[This opinion editorial was orginally published in the Press Telegram - click here to read it on the Press Telegram's website.]
There are three pivotal questions about the Aliso Canyon gas leak that must be answered with urgency: What happened? How can it be fixed? And what are the long-term impacts?
Since Oct. 23, 2015, our community has been turned upside-down by the Aliso Canyon gas leak. Here we are — more than a hundred days after the leak was first reported — and thousands of families are still unable to return to their homes. Many are worried about the potential health impact of a leak that has released 87,000 metric tons of methane into the air. It is a scary, frustrating and chaotic time.
Most residents I speak with are livid and incredulous — and rightly so. They have been forced from their homes, their neighborhoods, their businesses and their schools. At best they believe that state regulators and the Southern California Gas Co. are incompetent. At worst, they believe there is too cozy of a relationship between the regulators and SoCalGas — all to the detriment of the public.
Once the leak is capped, residents and families deserve to know with certainty that they are returning to a safe home. As the state representative for Porter Ranch, I take the responsibility of standing up for my constituents.
To protect those affected by this crisis and ensure that something like this never happens again to any community, I am introducing a legislative package to protect our communities' health and rights, and ensure the future of our state.
I've sat in Aliso Canyon Facility gas leak town hall meetings with thousands of concerned citizens who were told by state regulators and SoCalGas executives that there would be no long-term health effects from the leak. Naturally, I am skeptical of such a wide-ranging statement. With that in mind, I have introduced a bill, Assembly Bill 1903, that would require the California Public Utilities Commission and Department of Public Health to study the long-term health impacts the leak will have on the affected area.
During public testimony at these meetings, residents shared that their No. 1 concern was the potential harm to their long-term health. This is a legitimate concern which led me to introduce AB 1902, which would double the statute of limitations from two years to four years for someone to file a health claim as a result of the Aliso Canyon leak.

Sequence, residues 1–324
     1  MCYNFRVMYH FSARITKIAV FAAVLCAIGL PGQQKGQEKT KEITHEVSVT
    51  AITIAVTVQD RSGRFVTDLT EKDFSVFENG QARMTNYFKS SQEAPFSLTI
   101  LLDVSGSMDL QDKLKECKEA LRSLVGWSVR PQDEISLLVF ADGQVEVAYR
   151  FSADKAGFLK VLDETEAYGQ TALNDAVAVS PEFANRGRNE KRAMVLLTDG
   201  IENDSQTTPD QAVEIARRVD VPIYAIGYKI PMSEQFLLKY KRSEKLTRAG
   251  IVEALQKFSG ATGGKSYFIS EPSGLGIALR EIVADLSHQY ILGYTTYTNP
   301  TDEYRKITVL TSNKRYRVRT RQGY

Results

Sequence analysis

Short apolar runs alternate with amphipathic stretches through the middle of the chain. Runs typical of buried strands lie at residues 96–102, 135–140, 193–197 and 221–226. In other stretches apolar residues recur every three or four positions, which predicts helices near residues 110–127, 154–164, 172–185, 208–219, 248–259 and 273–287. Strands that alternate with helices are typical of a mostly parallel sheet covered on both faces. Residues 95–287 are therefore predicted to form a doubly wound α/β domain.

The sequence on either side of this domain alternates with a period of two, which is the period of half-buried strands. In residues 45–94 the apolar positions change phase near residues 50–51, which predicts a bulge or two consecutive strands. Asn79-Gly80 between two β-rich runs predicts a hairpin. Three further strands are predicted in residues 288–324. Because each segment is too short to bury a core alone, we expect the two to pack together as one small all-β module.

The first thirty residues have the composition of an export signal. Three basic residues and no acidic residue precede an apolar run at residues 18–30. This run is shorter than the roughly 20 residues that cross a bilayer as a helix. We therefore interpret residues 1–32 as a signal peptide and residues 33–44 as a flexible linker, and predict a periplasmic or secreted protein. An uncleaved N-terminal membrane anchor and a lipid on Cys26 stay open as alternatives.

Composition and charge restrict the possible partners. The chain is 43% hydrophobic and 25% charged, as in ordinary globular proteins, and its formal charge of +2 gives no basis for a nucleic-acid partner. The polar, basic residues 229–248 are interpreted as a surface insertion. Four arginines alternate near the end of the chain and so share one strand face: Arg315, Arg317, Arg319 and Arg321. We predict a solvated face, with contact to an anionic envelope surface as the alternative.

To help ensure that a disaster of this magnitude never again happens, I also introduced AB 1905 to conduct a review to evaluate the gas industry's standards for safety considerations. The study will specifically look at existing wells, storage facilities and construction standards to determine if specific wells need to be re-drilled. A companion bill (Senate Bill 380) by Sen. Fran Pavley, D-Calabasas, of which I am a coauthor, would provide an overview of safety measures for old wells.
For months, there have been widespread reports of debilitating headaches, bloody noses and other feelings of discomfort. Because natural gas is colorless and odorless, the gas industry uses odorants, which are supposed to help keep us safe by allowing us to detect the scent of possible gas leaks. In the case of the Aliso Canyon leak, the odorant used is mercaptan. In response, I also introduced AB 1904 to require the Department of Toxic Substances Control to evaluate the safety of odorants currently used in natural gas storage facilities and determine whether there are alternative odorants that pose a lower risk to human and environmental health than mercaptan.
As our community wrestles with crisis, I remain committed to protecting our residents and ensuring that our future does not contain a disaster like this ever again.